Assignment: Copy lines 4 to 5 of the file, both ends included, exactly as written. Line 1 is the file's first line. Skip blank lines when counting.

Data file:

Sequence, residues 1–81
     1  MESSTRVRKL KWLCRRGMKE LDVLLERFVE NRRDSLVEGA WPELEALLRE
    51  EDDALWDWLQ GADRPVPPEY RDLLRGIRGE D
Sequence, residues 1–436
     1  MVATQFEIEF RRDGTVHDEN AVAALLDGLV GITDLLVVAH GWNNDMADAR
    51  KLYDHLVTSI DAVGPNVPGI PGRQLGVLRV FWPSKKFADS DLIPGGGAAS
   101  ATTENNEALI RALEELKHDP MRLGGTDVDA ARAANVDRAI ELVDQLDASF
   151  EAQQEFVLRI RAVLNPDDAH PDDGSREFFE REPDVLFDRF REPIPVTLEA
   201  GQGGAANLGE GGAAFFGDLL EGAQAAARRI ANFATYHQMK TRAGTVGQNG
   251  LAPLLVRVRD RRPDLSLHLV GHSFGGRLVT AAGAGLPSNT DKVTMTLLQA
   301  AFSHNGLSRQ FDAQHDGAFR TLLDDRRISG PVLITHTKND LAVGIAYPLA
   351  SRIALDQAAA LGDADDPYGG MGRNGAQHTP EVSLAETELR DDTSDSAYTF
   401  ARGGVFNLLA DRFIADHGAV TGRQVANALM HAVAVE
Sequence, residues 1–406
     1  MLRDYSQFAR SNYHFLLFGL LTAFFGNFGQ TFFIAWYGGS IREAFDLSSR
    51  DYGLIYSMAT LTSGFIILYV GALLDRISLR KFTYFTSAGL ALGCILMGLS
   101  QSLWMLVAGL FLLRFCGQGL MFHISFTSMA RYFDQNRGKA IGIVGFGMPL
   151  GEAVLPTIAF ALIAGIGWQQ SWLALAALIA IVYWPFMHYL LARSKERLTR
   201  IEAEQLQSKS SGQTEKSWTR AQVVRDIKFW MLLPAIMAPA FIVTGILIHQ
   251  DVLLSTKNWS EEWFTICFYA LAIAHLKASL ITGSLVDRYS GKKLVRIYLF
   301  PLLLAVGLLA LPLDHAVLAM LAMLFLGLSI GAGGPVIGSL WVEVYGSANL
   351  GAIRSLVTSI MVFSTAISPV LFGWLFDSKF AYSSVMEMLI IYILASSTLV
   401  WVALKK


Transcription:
Sequence, residues 1–436
     1  MVATQFEIEF RRDGTVHDEN AVAALLDGLV GITDLLVVAH GWNNDMADAR